regarding the study subjects is shown in Table 1.
Cells and cell culture. Peripheral blood mononuclear
cells (PBMCs) were isolated by density-gradient centrifugation. T cells were then isolated by E-rosetting, as previously
described (22). Purity, assessed by staining with fluorescein
isothiocyanate (FITC)–conjugated anti-CD3 and flow cytometry, was typically 87–94%. Where indicated, the cells were
cultured in RPMI 1640/10% fetal calf serum (FCS) supplemented with interleukin-2 (IL-2), as described previously (3),
in round-bottomed 5-ml culture tubes (Falcon, Franklin Lakes,
NJ). Cells were stimulated with 1 ␮g/ml of PHA (Remel,
Lenexa, KS) for 16 hours, then cultured in 24-well plates at a
density of 1 ⫻ 106 for an additional 72 hours in the presence of
2-deoxy-5-azaC or 5-azaC (Aldrich, St. Louis, MO), procainamide (Aldrich), hydralazine (Aldrich), or the MEK inhibitors
U0126 (Promega, Madison, WI) or PD98059 (Promega).
In other studies, PHA-stimulated PBMCs were cultured in RPMI 1640/10% FCS and treated with indomethacin,
chloroquine, hydrocortisone, and 6-mercaptopurine (6-MP),
all from Sigma (St. Louis, MO). TT48E, a cloned, CD4⫹,
tetanus toxoid–reactive human T cell line, was cultured as
previously described (2,11).
Oligonucleotide array analysis. Messenger RNA
(mRNA) was isolated from untreated or 2-deoxy-5-azaC–
treated T cells, and analyzed using Affymetrix U95A oligonucleotide arrays, as previously described (9).
Real-time reverse transcription–polymerase chain reaction (RT-PCR). CD70 transcripts were quantitated by realtime RT-PCR using a LightCycler (Roche, Indianapolis, IN)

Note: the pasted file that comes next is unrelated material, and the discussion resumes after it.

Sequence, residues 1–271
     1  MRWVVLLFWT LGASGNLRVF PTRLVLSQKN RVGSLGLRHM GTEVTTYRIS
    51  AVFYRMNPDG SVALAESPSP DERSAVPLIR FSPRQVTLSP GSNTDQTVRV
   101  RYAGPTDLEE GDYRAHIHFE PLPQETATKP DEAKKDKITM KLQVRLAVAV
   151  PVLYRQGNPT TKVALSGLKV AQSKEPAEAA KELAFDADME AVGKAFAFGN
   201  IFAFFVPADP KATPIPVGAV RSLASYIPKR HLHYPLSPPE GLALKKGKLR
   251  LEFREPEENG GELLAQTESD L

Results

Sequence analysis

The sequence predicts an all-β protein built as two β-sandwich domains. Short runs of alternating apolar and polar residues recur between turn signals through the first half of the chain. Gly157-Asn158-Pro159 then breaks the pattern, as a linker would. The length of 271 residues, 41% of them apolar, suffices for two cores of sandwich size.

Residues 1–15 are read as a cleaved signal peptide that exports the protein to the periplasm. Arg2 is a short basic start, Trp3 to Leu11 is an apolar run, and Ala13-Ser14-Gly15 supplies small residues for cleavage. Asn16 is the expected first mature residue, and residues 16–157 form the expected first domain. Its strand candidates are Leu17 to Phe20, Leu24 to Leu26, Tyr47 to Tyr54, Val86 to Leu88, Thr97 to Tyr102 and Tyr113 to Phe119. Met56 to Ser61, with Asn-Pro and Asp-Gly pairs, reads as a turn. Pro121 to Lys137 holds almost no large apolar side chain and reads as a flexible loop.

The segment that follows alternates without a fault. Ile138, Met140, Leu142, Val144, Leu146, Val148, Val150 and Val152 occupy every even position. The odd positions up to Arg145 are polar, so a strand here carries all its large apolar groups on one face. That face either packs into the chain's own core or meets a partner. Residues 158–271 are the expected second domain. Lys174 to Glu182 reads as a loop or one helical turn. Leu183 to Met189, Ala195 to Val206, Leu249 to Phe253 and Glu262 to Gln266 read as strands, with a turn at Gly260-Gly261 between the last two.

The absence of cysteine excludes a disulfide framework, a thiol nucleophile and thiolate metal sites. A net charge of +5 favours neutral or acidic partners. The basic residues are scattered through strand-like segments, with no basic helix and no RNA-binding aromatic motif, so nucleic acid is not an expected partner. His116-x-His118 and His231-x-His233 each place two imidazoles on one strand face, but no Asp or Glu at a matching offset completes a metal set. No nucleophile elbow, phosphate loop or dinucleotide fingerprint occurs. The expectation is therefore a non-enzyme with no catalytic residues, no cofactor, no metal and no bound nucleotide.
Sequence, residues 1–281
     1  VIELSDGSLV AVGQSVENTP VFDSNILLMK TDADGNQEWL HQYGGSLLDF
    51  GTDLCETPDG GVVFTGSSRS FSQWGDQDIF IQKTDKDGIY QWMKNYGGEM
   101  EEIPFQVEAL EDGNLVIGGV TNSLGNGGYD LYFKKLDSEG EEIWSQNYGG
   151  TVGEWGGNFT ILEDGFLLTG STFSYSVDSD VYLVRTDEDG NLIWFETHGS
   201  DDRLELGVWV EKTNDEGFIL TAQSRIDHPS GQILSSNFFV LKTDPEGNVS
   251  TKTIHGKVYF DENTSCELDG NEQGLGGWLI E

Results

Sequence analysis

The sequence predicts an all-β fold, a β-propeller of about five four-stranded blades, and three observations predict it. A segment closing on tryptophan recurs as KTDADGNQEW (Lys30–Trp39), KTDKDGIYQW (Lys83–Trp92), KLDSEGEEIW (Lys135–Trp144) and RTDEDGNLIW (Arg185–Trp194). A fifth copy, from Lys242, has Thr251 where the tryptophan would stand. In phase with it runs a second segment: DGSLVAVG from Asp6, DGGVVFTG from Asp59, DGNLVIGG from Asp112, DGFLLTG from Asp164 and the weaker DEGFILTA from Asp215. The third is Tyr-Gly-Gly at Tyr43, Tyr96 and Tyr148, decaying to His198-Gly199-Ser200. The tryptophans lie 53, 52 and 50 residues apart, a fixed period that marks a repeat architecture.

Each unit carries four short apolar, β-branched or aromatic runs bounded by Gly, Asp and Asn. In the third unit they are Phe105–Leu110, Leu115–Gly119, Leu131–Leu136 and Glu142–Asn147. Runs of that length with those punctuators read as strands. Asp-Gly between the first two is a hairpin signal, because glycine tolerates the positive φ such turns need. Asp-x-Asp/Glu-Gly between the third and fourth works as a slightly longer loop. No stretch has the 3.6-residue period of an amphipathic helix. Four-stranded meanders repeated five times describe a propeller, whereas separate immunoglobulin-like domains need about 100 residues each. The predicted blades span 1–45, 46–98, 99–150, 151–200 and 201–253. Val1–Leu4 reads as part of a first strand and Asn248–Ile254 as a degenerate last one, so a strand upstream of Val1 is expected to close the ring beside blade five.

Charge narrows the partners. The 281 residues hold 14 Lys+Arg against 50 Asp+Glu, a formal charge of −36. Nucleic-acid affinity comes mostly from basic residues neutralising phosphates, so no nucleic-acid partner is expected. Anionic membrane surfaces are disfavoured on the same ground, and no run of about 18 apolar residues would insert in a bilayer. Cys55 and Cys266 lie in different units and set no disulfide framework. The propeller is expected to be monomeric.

and previously published protocols (9). The following primers
were used: forward, 5⬘-TGCTTTGGTCCCATTGGTCG-3⬘
and reverse, 5⬘-TCCTGCTGAGGTCCTGTGTGATTC-3⬘.
The transcripts were measured relative to ␤-actin as described
previously (9).
Flow cytometric analysis. The following fluorochromeconjugated monoclonal antibodies were obtained from BD
PharMingen (San Diego, CA): FITC-conjugated anti-human
CD70, CD2, or isotype-matched controls; phycoerythrin (PE)–
conjugated anti-CD2, CD4, and CD8; and CyChromeconjugated anti–HLA–DR, CD2, and isotype controls. Staining and multicolor flow cytometric analysis were performed as
previously described (23), using saturating concentrations of
antibody.
T cell and B cell costimulation assays. E-rosette–
purified T cells were stimulated for 16 hours with PHA and
1852
OELKE ET AL
Table 1. Demographics, disease activity, and treatment in the SLE patients and control subjects*
Patient
SLE patients
1
2
3
4
5
6
7
8
9
10
11
12
13
14
Control subjects
15
16
17
Age/race/sex
SLEDAI score
or diagnosis
Medications
49/W/F
28/B/F
38/B/F
25/W/F
23/W/M
53/W/F
23/W/F
30/W/F
31/W/F
24/W/F
41/W/F
54/W/F
38/W/F
43/W/F
6
10
10
7
5
12
12
8
6
8
10
2
0
0
HCQ
MMF 2 gm/day, HCQ, Pred. 15 mg/day
MMF 2.5 gm/day, HCQ, Pred. 12 mg/day
Pred. 5 mg/day
HCQ, Pred. 5 mg/day
Pred. 60 mg/day
HCQ, Pred. 20 mg/day
MMF 2.5 gm/day, HCQ, Pred. 20 mg/day
MMF 2 gm/day, HCQ, quinacrine, Pred. 10 mg/day
MMF 2 gm/day, HCQ, Pred. 36 mg/day
Pred. 15 mg/day
HCQ
Pred. 1.5 mg/day
Pred. 5 mg/day, MTX, MMF
65/W/F
39/W/F
34/W/F
Dermatomyositis
CNS vasculitis
WG
Pred. 10 mg/day, MTX, MMF
Pred. 15 mg/day, CYC
Pred. 40 mg/day, CYC, etanercept
* SLEDAI ⫽ Systemic Lupus Erythematosus Disease Activity Index; HCQ ⫽ hydroxychloroquine; MMF ⫽ mycophenolate mofetil; Pred. ⫽
prednisone; MTX ⫽ methotrexate; CNS ⫽ central nervous system; CYC ⫽ cyclophosphamide; WG ⫽ Wegener’s granulomatosis.
then treated with the indicated chemicals for an additional 72
hours as described above. Where indicated, T cell subsets were
isolated by negative selection using magnetic beads (Miltenyi
Biotec, Sunnyvale, CA). B cells (1–4 ⫻ 105) enriched by
negative selection using magnetic beads (Miltenyi Biotec) and
assessed to be 70–85% pure using PE-conjugated anti-human